Faxaflói – whale watching in a whale sanctuary

November 5, 2020

Are you going to visit us in Iceland? Do not be surprised, your airplane will not bring you straight to the capital, but to Keflavik, the city that is on the far end of our whale watching home, Faxa Bay. Faxaflói, how the bay is called in Icelandic, is the largest bay in Iceland, with an area of about 4500 – 5000 km2. In good weather conditions you can see both peninsulas that are surrounding the bay. – Snæfellsjökull is always worth a picture.

Faxaflói was named after a man named Faxi, who was part of the expedition of Hrafna-Flóki, the first man to deliberately sail to Iceland with the intention to settle here. They came from Norway and stopped over in the Faroe Islands along the way. Hrafna-Flóki captured three ravens there to help him find his way to Iceland, giving him his nickname (which means Raven-Flóki). When they arrived in Iceland, Faxi suggested that this bay looked like a good place to settle near, and they named the bay after him, but they sailed onward and settled in the Westfjords. At the time, the area was full of drift ice, so Hrafna-Flóki decided to name this land Iceland.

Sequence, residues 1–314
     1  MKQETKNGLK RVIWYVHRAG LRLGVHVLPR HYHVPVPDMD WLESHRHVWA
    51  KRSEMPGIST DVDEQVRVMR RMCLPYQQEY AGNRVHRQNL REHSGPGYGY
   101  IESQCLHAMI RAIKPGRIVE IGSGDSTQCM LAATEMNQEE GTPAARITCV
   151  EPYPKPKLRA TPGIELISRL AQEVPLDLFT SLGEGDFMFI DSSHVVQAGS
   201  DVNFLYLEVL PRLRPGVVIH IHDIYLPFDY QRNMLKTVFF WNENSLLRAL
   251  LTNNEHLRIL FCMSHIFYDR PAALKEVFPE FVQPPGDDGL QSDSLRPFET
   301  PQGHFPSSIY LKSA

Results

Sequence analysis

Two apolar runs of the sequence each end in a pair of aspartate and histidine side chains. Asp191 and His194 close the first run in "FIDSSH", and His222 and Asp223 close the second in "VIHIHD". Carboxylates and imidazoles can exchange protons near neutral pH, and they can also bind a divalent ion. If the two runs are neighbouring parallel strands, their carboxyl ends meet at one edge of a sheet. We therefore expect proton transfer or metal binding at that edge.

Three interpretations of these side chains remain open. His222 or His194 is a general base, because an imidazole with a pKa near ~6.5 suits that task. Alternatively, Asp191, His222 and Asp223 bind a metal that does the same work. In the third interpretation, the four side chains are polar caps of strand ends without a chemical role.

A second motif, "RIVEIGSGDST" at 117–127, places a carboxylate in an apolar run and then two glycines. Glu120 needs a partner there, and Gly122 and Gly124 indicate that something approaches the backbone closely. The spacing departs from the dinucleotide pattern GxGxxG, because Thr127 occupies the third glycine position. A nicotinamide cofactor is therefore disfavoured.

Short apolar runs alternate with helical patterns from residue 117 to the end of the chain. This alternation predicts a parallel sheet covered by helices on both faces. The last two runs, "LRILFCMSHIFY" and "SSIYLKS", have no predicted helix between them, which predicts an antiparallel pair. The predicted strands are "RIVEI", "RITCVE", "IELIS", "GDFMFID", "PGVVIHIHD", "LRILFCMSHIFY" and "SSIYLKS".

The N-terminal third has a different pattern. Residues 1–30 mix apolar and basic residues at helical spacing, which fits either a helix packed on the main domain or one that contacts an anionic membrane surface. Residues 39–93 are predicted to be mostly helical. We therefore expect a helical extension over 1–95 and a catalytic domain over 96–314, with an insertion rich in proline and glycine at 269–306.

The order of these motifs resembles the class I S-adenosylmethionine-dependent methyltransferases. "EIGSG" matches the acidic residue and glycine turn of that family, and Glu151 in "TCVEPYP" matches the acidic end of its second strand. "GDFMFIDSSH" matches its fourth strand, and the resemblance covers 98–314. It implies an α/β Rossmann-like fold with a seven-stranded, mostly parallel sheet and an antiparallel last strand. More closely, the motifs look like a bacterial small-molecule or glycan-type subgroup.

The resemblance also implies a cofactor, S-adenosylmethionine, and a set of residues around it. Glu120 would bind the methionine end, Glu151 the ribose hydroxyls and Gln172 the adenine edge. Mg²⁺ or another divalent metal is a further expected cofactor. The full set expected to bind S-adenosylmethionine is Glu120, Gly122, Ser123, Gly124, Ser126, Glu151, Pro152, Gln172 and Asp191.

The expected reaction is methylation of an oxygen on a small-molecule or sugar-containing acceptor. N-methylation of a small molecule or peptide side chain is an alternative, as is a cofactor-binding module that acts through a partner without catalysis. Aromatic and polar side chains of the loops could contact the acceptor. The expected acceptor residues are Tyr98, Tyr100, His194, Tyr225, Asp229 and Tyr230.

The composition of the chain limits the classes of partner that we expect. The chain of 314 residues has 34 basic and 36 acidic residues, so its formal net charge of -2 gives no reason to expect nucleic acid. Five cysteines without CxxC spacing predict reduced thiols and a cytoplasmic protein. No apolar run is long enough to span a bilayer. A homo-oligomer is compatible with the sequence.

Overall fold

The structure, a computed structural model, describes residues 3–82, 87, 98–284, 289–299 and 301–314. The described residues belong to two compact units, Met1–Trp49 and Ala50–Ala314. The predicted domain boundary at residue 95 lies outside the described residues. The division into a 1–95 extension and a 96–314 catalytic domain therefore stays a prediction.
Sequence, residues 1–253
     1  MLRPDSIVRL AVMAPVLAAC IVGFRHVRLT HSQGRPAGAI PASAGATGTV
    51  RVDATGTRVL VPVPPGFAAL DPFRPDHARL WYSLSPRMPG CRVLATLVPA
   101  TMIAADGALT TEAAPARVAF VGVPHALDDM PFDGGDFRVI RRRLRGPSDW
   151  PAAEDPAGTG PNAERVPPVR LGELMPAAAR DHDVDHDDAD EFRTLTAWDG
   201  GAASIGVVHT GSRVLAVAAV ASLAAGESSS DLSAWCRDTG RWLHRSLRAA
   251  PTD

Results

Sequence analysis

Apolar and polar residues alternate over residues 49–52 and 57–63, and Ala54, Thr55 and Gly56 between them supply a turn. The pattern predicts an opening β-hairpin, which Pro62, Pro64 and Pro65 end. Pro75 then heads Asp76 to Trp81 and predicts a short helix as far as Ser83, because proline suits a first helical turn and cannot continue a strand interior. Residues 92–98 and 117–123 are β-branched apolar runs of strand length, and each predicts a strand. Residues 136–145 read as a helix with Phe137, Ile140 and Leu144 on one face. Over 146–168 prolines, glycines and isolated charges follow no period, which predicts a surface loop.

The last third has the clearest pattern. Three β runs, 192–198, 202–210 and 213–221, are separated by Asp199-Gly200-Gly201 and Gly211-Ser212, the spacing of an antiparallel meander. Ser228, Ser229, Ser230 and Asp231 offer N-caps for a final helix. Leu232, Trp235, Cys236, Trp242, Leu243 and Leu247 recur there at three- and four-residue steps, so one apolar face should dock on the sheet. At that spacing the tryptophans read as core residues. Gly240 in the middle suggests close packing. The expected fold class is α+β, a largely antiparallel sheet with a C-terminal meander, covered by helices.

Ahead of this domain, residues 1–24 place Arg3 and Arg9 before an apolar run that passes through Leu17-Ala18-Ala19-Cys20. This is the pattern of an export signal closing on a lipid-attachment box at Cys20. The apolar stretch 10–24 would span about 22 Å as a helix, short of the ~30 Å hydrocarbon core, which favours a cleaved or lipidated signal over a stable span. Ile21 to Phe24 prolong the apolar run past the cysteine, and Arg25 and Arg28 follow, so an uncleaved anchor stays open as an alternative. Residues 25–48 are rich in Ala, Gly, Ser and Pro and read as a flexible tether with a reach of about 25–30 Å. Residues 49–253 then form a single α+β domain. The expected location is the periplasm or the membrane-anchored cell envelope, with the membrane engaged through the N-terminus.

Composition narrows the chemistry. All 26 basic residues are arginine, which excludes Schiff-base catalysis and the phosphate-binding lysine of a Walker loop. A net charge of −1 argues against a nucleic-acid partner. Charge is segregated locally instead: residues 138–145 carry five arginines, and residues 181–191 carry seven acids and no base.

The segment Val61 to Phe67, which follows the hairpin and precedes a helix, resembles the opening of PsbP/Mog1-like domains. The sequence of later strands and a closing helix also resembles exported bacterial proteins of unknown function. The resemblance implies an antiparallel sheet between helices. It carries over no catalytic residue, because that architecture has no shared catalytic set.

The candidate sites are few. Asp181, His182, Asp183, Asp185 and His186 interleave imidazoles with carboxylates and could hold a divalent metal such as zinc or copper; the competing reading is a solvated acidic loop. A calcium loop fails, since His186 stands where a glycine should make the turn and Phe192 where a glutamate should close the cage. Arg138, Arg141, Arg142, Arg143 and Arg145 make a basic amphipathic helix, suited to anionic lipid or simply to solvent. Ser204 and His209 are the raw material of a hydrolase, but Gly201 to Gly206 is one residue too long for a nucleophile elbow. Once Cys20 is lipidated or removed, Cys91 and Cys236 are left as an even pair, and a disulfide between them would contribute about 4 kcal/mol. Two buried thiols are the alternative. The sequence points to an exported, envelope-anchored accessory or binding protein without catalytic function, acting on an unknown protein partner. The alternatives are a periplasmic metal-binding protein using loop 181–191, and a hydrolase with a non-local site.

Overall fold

Faxaflói – whale watching in a whale sanctuary
Whale sanctuary - Faxa bay

Part of the bay has been declared a whale sanctuary and this is where we head out for our whale watching tours. Faxaflói is open to the west, and off the south and west coast of Iceland, the nutrient-rich deep waters of the North Atlantic Current upwell near the continental shelf, bringing those nutrients to the surface. Because weather around Iceland tends to be unstable, this further mixed deep waters and surface waters, ensuring the nutrients in the surface layers are constantly replenished. This means that the waters around Iceland are perfect for the growth of phytoplankton, which support the entire oceanic ecosystem and provide the perfect conditions for a wide variety of life. 

The first we see, when we sail out of the old harbour of Reykjavík are the five islands of the bay: Akurey, Engey, Videy, Lundey and Therney. The word Lundi that named one of them is the Icelandic name of the Atlantic puffin. Therefore, we are able to sail for our puffin tours within minutes to the second largest puffin population in Iceland. 

A group of puffins seen on our Puffin Express tour from Reykjavik
Atlantic puffins - July 2018

Humans have relied on fishing in the bay for thousands of years. The vast majority of the fish we catch on our Sea Angling tours are Atlantic cod, which are bottom-dwelling fish.

Top activities in Reykjavik in May - Passenger on sea angling tour with a fish
Sea Angling May 2020